climo through the period.


As of 235 pm Tuesday: All eyes remain on the tropics in terms of the
medium range, with the two camps re: tropical cyclone impacts along
the Gulf Coast sticking to their respective guns: the eastern Gulf
solution (GFS) and the Miss Valley solution (ECMWF). After it had
begun to trend to the west, the GFS has doubled-down on a FL-GA-
Carolinas track with its weakening surface low (and actually depicts
secondary surface development across the central Gulf Coast) early
next week. Meanwhile, the ECMWF continues to landfall a tropical
cyclone near the mouth of the Miss River on Sunday, then stalls it
for 24-ish hours before slowly lifting it north. (For what it`s
worth, the latest Canadian is somewhere in between these two
solutions). However, as has been the case for several runs now, the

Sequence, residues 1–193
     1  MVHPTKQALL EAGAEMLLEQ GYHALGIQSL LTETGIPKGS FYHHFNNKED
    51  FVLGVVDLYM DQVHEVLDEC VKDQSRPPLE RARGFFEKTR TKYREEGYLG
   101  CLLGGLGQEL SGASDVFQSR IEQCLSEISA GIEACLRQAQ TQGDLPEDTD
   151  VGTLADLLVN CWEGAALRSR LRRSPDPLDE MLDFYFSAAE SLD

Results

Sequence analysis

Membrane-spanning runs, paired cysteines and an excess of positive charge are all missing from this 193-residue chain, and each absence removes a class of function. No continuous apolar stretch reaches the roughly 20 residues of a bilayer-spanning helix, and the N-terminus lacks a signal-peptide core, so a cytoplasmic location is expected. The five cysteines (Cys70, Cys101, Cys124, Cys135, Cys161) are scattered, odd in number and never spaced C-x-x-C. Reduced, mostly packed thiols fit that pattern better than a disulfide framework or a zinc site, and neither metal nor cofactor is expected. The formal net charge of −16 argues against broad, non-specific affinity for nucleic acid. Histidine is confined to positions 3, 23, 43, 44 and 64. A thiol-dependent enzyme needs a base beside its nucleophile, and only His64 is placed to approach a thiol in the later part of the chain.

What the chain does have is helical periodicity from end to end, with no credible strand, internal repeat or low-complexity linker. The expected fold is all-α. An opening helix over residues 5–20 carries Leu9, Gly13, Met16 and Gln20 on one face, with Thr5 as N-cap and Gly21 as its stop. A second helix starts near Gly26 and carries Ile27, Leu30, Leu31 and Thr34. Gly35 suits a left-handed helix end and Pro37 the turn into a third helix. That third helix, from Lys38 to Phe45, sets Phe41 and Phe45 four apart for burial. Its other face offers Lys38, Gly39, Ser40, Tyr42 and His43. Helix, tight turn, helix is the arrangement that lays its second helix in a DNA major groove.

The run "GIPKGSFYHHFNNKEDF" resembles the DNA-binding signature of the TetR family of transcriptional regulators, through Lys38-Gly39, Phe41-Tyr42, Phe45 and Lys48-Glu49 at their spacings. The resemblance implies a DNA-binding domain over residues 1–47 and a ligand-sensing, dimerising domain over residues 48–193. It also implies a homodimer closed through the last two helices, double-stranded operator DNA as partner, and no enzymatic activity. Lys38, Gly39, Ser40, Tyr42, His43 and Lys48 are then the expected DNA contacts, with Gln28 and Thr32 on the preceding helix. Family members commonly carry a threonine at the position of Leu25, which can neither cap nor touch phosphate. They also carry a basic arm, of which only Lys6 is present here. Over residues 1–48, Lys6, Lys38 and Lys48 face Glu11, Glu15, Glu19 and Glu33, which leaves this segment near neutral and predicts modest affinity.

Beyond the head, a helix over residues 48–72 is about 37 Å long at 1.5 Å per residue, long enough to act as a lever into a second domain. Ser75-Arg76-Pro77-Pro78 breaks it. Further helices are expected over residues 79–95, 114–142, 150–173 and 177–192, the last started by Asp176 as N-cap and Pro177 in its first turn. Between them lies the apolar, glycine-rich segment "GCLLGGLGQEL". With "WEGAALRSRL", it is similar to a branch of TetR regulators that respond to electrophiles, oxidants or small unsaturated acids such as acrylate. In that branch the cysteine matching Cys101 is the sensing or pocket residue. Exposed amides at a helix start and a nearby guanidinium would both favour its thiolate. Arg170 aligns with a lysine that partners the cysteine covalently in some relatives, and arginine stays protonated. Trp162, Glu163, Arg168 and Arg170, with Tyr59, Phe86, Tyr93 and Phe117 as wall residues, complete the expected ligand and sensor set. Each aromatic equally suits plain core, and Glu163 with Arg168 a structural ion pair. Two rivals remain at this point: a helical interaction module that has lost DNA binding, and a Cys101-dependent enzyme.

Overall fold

global models are in good agreement in depicting a large moisture
shield around the cyclone. Thus even if the more western ECMWF track
pans out, ample moisture will exist along with modest upslope flow
to support 50-70 pops from late Saturday through the end of the
period. While there will be a diurnal peak in convective activity,
the pattern is such that some degree of convective coverage will
exist outside the normal afternoon/evening peak. Heavy rain/at least
localized flash flooding will remain a daily concern for the
foreseeable future.


At KCLT and elsewhere: SHRA/TSRA are lining up this aftn along a
weak sfc boundary and will move thru the SC sites bringing brief
restrictions. Additional, less organized convection is expected
across the NC sites, likely developing on the strength of weak
outflows, warranting TEMPOs at KCLT/KAVL and VCTS at KHKY. The
activity should weaken by late aftn. A few minor SHRA may last into